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  4. I fully agree with Ms. Reeves. I appears to be a classic case of a breach of fiduciary duty. It seems that many of those types of cases have been largely shielded, and thus precluding action taken against them. Ms. Bradley brings the point of internal documents. The so-called "internal documents" often shed light on the truth of motives behind many corporate actions. Internal communication does have a level of protection from disclosure. But if breaches are largely shielded, how would an outsider even know of the existence of such communication? There has to be suspicion of enough degree to prompt disclosure, either though public pressure or discovery during litigation.

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  5. This case is particularly reprehensible because Goldman's actions went beyond ordinary fraud. It's one thing (read: definitely bad) to misrepresent information and push toxic assets off on unsuspecting clients. It's quite another (read: appalling and disturbing) for Goldman to take a short position on these assets, essentially hoping to profit from their failure, while simultaneously marketing them aggressively to investors.

    As Spencer points out, the problem will be gathering enough proof to show Goldman's true knowledge and motives at the time they were unloading the Timberwoof and Point Pleasant deal to Basis Capital. Much of this evidence exists only internally and will most likely be protected.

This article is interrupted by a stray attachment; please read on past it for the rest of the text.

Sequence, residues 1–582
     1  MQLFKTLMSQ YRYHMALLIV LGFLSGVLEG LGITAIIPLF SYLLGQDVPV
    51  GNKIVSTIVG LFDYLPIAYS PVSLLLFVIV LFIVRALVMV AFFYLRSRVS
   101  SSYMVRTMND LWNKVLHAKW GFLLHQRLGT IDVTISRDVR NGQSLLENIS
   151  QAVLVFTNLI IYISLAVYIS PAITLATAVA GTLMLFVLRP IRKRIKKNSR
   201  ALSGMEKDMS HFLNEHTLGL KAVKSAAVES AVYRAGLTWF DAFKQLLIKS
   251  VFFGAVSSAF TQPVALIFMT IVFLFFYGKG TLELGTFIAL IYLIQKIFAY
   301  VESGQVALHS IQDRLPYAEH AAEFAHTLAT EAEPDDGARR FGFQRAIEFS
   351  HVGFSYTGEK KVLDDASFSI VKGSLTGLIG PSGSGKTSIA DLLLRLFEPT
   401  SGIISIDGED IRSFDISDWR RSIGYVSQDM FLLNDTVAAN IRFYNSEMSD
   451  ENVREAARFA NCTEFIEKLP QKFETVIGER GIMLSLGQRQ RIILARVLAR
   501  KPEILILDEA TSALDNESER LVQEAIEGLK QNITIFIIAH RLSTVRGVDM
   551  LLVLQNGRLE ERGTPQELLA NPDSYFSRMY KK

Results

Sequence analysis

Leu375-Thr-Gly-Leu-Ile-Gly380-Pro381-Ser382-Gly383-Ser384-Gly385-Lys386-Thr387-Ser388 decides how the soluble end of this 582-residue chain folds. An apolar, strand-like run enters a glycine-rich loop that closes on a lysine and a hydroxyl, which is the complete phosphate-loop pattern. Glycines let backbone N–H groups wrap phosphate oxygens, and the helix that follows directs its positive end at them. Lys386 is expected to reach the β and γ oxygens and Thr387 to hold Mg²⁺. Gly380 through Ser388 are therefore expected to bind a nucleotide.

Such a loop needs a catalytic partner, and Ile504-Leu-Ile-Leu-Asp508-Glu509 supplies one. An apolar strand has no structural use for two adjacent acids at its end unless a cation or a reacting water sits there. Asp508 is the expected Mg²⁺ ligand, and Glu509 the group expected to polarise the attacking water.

It's unsettling to think of the frequency these kinds of situations likely occur within the market because they do not arouse suspicion or cannot be proved due to internal and external control and protection of material information.

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  6. NatalieB_MemphisLawNovember 20, 2011 at 7:35 PM

    Natasha, I was also curious whether this situation would establish a 10(b) claim, and you were right about 10(b). I did some research, and in June of 2010, in Morrison v. National Australia Bank Ltd., the US Supreme Court held that 10(b) only applies to transactions in securities listed on domestic securities exchanges and domestic transactions in unregistered securities. I agree with everyone else that if the facts alleged are true, Basis should be able to recover for a breach of fiduciary duty; the facts indicate that Basis could recover if Goldman Sachs expected the products to fail.

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  7. Caroline (Memphis Law)November 20, 2011 at 7:52 PM

    This is a classic fiduciary duty claim and I also think a 10b claim could be brought by the SEC. If Goldman Sachs knew that the real estate was going to fail and strategically marketed them to companies to invest in them knowing of their failure I think that they have violated Rule 10b prohibiting fraud or deceit in dealings. Also, I think that this is a breach of fiduciary duty by Goldman Sachs. They misrepresented its investment plans and marketed bad plans, in turn recruiting investors to invest in these bad plans and lose money. I think the the shareholders will be able to bring a derivative suit against the company for the misrepresentations that Goldman Sachs gave them. I also agree with everyone that if the facts alleged are true, Basis should be able to recover damages here because Goldman Sachs expected the products to fail and did not represented this to Basis but represented the product as being something that was going to successful and that was a sound investment.